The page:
One of the big news items from yesterday, not just in baseball, was that the United States is easing up the embargo on Cuba. Baseball America’s Ben Badler has an article up looking at what some of it all means for Major League Baseball. The actual trade embargo, the thing that would be required to be removed for players to be allowed to come to America/Canada without leaving Cuba and establishing residency somewhere else, would need to be approved by Congress. That is something that is going to take some time.

What we do know about the situation though is that both Major League Baseball and individual teams have already seemingly prepared for the day in which this could happen. Did they know something or was it just hopeful thinking? Either way, it doesn’t really matter.

There are a whole lot of issues that come along with acquiring Cuban talent even if the trade embargo were to be lifted. Cuba has a professional league that they would not want to see raided. Cuba is already allowing some of their players to play professionally in Japan as long as they return to Cuba to play in their professional league when the season begins. That isn’t going to work in America as the two seasons have times when they overlap, including the playoffs.

There are several options out there that seem to be thought of as frontrunning ideas for how Major League Baseball and Cuba would handle the acquisition of talent. The first would be to have a posting system like what is done in Japan or in Korea for their professional players. While the two systems are different, the concept is the same. You pay a fee to the team to negotiate with the player. It’s also worth noting that unlike times in the past, the posting fee is now limited to $20M in Japan and I’d imagine that Major League Baseball, if this were the system to go to, would push hard for something like that in Cuba as well.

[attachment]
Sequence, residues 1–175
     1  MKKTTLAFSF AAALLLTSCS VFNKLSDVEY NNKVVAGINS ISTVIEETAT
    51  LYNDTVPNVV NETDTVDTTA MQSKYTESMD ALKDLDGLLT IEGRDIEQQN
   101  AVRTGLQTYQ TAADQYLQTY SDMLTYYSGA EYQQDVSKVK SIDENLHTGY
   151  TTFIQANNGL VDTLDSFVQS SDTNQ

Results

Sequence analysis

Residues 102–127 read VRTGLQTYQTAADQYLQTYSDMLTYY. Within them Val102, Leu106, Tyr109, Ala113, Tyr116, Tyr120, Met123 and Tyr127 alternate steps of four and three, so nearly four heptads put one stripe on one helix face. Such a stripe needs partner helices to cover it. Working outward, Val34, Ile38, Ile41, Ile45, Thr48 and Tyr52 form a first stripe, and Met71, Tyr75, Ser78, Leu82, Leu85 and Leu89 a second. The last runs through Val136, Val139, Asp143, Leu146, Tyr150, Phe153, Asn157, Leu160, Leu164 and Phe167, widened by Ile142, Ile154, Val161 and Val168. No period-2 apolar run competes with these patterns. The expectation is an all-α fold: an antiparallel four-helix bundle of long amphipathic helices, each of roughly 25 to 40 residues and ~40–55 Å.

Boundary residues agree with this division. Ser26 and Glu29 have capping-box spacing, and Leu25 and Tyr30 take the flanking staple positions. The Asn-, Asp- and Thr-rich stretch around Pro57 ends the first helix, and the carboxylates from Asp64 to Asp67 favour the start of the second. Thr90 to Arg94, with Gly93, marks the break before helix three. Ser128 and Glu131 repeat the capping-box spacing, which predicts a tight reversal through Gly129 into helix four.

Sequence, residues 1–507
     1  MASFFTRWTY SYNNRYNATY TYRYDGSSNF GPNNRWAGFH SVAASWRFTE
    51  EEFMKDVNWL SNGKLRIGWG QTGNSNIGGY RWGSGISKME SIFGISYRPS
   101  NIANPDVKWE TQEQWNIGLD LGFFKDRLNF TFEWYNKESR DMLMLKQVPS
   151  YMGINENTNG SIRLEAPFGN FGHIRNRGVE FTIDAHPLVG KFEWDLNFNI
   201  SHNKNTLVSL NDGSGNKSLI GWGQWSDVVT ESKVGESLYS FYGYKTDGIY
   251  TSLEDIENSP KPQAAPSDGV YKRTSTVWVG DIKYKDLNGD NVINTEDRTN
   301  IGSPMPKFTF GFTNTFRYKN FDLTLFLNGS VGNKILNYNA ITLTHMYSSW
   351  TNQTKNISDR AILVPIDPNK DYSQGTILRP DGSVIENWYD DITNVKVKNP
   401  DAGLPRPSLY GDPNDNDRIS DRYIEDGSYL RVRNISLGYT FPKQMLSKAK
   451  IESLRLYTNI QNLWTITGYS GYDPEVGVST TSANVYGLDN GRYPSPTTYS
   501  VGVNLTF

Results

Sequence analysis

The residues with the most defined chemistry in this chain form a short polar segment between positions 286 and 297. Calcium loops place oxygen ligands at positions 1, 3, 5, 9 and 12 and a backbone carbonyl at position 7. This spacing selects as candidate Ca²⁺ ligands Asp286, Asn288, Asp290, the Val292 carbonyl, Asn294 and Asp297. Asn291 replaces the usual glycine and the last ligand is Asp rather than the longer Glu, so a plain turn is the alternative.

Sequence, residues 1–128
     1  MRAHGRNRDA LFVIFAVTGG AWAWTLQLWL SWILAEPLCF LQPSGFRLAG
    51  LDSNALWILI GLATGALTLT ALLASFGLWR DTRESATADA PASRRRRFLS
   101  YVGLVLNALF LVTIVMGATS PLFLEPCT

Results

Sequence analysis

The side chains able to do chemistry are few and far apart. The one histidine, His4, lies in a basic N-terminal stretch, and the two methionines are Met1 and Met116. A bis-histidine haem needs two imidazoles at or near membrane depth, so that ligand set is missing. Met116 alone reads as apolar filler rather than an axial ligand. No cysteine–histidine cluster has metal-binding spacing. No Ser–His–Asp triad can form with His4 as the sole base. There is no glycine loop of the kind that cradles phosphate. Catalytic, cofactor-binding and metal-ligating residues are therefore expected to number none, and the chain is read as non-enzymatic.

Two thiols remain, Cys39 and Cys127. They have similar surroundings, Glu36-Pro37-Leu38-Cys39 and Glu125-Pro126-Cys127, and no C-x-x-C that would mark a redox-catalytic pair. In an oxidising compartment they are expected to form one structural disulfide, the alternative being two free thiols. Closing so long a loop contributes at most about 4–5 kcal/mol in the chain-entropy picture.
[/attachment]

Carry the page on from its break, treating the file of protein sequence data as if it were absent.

The other thought would be that it could be set up like the Mexican League currently is. The Mexican League is technically a part of minor league baseball, but it’s completely independent from the Major Leagues. The teams down there operate on their own and they can and do sell their players for teams. What differentiates them from Japan or Korea is that these guys are all typically still teenagers and the player doesn’t have much say in their contract. The Mexican team sells the player and they keep 75% of the deal while the player gets the other 25%.

So, what does all of that mean for the Cincinnati Reds? Well, it’s tough to say. They haven’t been shy in handing out decent chunks of change to Cuban players, landing two of the top pitchers to leave the island in the last five years with Aroldis Chapman and Raisel Iglesias. They also seem to have been on the outside looking in on guys who were going to sign $50M+ deals and I’d be surprised if that changed no matter what happens, especially if it meant paying another $10-20M on top of that simply to negotiate with the player.

There has been an idea I’ve seen floated around that the signings of Chapman and Iglesias that the Reds would have an inside track on guys. Don’t buy it for a second. Even if the players are getting to choose where they go, they almost always follow the money. If the Reds are offering the most, they will come. If not, they really aren’t likely to be wearing a Reds uniform. What does seem to work in the Reds favor is that they have been active in scouting Cuban players, so they are familiar with many of the national team players and have done their work as far as they can (they aren’t going to Cuba to see the non-national team players right now, but no one else is either).

Despite there being quite a bit of talent coming out of Cuba over the last few seasons, there is a limited number of star level players still there. Everyone knows who Yasiel Puig and Aroldis Chapman are. How many have heard of Miguel Gonzalez? The country has plenty of big league talent on it, but there is still a finite number of impact guys available compared to role player types who may fill out a team just fine but may stay in Cuba to play in their league.

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Doug Gray is the owner and operator of this website and has been running it since 2006 in one variation or another. You can follow him on twitter @dougdirt24, or follow the site on Facebook. and Youtube.

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